As we discovered in a Facebook poll, butter, not surprisingly, is many of our community member’s favorite traditional fat, myself included!
We recommend raw or cultured butter from pasture-raised cows, like this commercially available brand.
When Dr. Weston Price studied native diets in the 1930’s he found that butter was a staple in the diets of many supremely healthy peoples. Isolated Swiss villagers placed a bowl of butter on their church altars, set a wick in it, and let it burn throughout the year as a sign of divinity in the butter. Arab groups also put a high value on butter, especially deep yellow-orange butter from livestock feeding on green grass in the spring and fall. American folk wisdom recognized that children raised on butter were robust and sturdy; but that children given skim milk during their growing years were pale and thin, with “pinched” faces.
Does butter cause disease?
On the contrary, butter protects us against many diseases.
Butter and Heart Disease
Heart disease was rare in America at the turn of the century. Between 1920 and 1960, the incidence of heart disease rose precipitously to become America’s number one killer. During the same period butter consumption plummeted from eighteen pounds per person per year to four. It doesn’t take a Ph.D. in statistics to conclude that butter is not a cause. Actually butter contains many nutrients that protect us from heart disease. First among these is vitamin A which is needed for the health of the thyroid and adrenal glands, both of which play a role in maintaining the proper functioning of the heart and cardiovascular system. Abnormalities of the heart and larger blood vessels occur in babies born to vitamin A deficient mothers. Butter is America’s best and most easily absorbed source of vitamin A.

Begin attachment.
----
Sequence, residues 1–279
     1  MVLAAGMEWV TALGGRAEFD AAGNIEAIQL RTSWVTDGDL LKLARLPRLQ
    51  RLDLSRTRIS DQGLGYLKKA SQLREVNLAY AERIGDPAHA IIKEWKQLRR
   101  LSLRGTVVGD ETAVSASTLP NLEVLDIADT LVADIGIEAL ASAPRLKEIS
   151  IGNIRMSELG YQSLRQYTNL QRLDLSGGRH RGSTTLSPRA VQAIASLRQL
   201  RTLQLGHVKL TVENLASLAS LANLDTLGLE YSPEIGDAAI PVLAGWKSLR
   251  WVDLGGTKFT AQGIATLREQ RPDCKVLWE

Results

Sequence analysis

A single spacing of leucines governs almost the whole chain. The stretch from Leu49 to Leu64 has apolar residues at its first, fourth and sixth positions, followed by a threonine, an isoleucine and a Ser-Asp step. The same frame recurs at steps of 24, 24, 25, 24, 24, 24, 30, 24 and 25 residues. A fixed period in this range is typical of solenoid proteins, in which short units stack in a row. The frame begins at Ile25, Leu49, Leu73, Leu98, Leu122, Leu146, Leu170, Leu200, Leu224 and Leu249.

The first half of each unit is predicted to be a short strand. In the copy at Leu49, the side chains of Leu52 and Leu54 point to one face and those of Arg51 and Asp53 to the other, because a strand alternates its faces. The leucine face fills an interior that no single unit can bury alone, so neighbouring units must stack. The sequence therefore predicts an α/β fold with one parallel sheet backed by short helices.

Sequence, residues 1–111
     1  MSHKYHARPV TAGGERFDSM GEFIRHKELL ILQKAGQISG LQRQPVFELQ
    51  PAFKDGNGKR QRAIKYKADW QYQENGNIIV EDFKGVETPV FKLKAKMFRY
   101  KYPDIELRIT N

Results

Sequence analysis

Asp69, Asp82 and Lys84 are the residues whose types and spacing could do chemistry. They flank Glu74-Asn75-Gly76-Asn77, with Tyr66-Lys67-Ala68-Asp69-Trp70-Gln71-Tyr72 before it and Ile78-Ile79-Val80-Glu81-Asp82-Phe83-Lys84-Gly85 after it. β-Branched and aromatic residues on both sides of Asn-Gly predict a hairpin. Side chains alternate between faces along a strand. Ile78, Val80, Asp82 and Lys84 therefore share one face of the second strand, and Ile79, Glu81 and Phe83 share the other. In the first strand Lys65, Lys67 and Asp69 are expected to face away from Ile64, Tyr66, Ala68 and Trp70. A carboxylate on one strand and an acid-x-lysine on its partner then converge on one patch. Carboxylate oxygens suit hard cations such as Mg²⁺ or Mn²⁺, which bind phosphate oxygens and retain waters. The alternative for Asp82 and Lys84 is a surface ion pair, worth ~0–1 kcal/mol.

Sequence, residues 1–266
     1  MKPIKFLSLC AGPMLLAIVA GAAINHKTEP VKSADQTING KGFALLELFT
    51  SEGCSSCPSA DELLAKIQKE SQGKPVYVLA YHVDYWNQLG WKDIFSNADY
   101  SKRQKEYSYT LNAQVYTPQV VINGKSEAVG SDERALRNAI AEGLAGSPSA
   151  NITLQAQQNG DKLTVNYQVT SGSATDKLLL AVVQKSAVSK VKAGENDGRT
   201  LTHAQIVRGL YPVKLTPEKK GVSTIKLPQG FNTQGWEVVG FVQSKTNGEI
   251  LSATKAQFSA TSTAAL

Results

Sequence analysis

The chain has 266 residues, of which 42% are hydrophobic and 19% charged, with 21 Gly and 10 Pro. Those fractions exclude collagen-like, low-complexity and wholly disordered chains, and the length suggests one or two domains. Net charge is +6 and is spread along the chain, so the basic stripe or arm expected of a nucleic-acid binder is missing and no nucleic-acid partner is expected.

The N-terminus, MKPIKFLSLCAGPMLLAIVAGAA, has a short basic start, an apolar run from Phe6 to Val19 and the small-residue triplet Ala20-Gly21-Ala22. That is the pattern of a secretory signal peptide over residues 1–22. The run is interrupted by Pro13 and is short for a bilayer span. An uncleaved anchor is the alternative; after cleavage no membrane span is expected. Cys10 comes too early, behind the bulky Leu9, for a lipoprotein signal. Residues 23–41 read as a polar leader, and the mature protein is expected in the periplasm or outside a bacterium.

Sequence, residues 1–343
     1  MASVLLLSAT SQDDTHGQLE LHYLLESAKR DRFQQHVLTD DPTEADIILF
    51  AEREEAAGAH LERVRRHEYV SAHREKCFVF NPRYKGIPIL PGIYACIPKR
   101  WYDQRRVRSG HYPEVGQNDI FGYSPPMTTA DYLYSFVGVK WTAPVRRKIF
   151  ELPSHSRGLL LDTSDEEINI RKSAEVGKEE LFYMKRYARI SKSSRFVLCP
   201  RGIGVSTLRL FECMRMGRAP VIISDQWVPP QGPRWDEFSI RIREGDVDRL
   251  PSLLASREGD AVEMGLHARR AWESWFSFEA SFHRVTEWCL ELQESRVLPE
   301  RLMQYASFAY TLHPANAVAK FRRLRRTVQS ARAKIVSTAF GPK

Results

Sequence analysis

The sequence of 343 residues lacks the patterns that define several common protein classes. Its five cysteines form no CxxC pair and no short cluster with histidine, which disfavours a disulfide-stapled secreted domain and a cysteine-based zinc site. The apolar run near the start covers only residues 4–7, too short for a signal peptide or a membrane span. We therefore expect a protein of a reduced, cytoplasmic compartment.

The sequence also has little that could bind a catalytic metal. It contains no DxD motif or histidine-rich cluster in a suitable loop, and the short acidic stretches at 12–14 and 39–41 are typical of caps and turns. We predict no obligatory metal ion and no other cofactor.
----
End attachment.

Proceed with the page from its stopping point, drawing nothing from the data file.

Butter contains lecithin, a substance that assists in the proper assimilation and metabolism of cholesterol and other fat constituents.
Butter also contains a number of anti-oxidants that protect against the kind of free radical damage that weakens the arteries. Vitamin A and vitamin E found in butter both play a strong anti-oxidant role. Butter is a very rich source of selenium, a vital anti-oxidant–containing more per gram than herring or wheat germ. Butter is also a good dietary source of cholesterol.
What? Cholesterol an anti-oxidant? Yes indeed, cholesterol is a potent anti-oxidant that is flooded into the blood when we take in too many harmful free-radicals – usually from damaged and rancid fats in margarine and highly processed vegetable oils. A Medical Research Council survey showed that men eating butter ran half the risk of developing heart disease as those using margarine.
Read more about the reasons butter is better.
Read a guest article written by Heather Dessinger about how her son chose butter for dinner!